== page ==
$405+ Roundtrips From Six US Cities to Amsterdam

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I tweeted this deal first from @MileValueAlerts. Follow @MileValueAlerts on Twitter and follow these directions to get a text message every time I tweet from that account. I tweet from @MileValueAlerts only a few times a month because it is designed to be used only for the best and most limited-time deals–like mistake fares–so that you aren’t bombarded by text messages.

American Airlines is offering roundtrip economy flights starting at $400 from numerous cities in the United States to Amsterdam. Available travel dates span from the mid November of this year through April 2018. Many of the flights have a connection in Philadelphia.

Contents

  1. What city pairs are available?
  2. When are the cheap fares?
  3. Mileage Earning
  4. Baggage Allowance
  5. Best Credit Card to Buy the Ticket

Available City Pairs

You’ll find the the cheap fares to the Netherlands from…

  • Los Angeles (starting at $405)
  • Atlanta (starting at $405)
  • Boston (starting at $412)
  • Fort Lauderdale (starting at $416)
  • Seattle (starting at $415)
  • New York City (starting at $422)

When are the cheap fares?

The easiest place to find these fares is on Google Flights. Depending on the city, available travel dates span from mid November through April. Secret Flying has many example travel dates listed that they have found.

I brought up the following using Google Flights Flexible dates tool to show prices of possible weeklong trips.

You can’t purchase tickets directly on Google Flights, but after finding the fare you’ll be given links to follow for purchase through the airline. You may find slightly cheaper fares on Momondo.com, but keep in mind you may not receive the same kind of customer service as you would from an airline directly in the case of intervening circumstances.

Mileage Earning

You need to know the fare class when looking up how many redeemable miles cash flights earn, which you can find using ITA Matrix. The American Airlines flight is in fare class O.

Assuming you have no status, you’ll earn 5 American Airlines miles per dollar spent. For this ticket that means you’ll earn between 2,025 and 2,110 American Airlines miles, depending on which route you fly.

But you don’t have to credit your butt-in-seat miles to AAdvantage. Here’s how the process of crediting to a partner works.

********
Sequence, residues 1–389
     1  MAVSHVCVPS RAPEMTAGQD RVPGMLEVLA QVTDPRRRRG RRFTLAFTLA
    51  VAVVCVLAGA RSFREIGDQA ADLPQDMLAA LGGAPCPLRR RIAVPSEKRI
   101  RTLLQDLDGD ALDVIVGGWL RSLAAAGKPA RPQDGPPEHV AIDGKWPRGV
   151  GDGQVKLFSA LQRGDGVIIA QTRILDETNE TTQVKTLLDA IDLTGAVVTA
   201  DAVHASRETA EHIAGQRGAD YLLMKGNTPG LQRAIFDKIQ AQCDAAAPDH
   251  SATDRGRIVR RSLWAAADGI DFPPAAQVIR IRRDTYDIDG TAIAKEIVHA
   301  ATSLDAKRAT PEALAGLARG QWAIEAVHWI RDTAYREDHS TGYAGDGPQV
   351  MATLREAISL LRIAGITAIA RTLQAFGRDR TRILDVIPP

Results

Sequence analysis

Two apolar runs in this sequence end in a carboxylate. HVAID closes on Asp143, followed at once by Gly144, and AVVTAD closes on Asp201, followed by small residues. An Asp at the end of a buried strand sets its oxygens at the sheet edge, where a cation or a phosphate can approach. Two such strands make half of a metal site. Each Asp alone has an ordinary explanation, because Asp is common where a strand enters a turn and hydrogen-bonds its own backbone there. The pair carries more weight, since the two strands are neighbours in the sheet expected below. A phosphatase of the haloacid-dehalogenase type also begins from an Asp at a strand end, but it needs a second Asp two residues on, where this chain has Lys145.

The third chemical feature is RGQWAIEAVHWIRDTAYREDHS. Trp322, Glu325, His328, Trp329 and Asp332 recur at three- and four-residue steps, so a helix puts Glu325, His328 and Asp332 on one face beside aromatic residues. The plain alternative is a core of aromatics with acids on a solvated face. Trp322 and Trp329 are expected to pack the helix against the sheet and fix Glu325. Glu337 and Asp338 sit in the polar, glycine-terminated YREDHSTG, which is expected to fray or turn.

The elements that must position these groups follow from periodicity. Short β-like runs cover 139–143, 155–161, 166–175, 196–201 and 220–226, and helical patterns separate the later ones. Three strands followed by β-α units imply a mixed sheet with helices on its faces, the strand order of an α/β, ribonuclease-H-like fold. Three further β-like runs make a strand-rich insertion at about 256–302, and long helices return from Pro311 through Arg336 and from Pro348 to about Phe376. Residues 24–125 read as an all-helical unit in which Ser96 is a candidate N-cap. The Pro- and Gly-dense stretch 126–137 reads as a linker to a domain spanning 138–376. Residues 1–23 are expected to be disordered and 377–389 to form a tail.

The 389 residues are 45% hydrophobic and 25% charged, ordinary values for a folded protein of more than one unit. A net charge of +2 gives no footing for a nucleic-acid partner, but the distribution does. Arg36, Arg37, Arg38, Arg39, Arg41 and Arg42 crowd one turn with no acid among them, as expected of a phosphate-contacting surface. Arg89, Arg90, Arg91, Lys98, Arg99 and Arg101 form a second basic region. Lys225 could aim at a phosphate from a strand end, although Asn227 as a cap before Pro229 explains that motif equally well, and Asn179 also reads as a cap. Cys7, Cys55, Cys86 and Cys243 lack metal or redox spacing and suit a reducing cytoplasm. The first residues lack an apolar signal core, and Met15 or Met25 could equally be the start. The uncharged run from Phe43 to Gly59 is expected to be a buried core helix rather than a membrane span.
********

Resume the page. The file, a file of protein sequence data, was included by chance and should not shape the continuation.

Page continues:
If you opted to credit to Alaska Airlines, for example, you’d earn around 3,057 Alaska miles flying from Seattle to Amsterdam roundtrip. Wheretocredit.com is also a valuable tool to bookmark for help figuring out where to credit your redeemable miles earned for a cash ticket.

Baggage Allowance

You get a free personal item and free carry on, as well as one free checked bag up to 50 pounds each.

Photo by Bert Kaufmann
Photo byBert Kaufmann

Best Way to Buy the Ticket

What card you should buy this ticket with depends on your priorities.

  • If you want it to be free, put it on whatever card you have travel statement credits for, like the Sapphire Reserve or Citi Prestige–or open a Barclaycard Arrival Plus. The card comes with 40,000 Arrival miles after spending $3,000 on the card in the first 90 days. Arrival miles can be redeemed for 1 cent each toward any travel expense (even travel expenses used to meet your minimum spending requirement for the bonus), so the bonus alone will more than cover this flight (and still leave you about $490 in travel statement credits).
  • If you’re more concerned with travel insurance, check out our series on the travel protection benefits of popular rewards cards.
  • If you’re more concerned with earning rewards (although, this probably should’t be your top priority since the ticket is quite cheap) check out the Best Credit Card to Buy Airfare.

Credit card links have been removed from posts and added to the menu bar at the top of every page of MileValue under the heading Top Travel Credit Cards.

Hat Tip Secret Flying


Editorial Disclaimer: The editorial content is not provided or commissioned by the credit card issuers. Opinions expressed here are author’s alone, not those of the credit card issuers, and have not been reviewed, approved or otherwise endorsed by the credit card issuers.

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Sarah Page Maxwell became a miles nerd after moving her base to Buenos Aires and beginning a transient lifestyle that would be otherwise too expensive without miles and points. In addition to travel, her other passions include hot sauce, yoga, and her boston terrier Omar.

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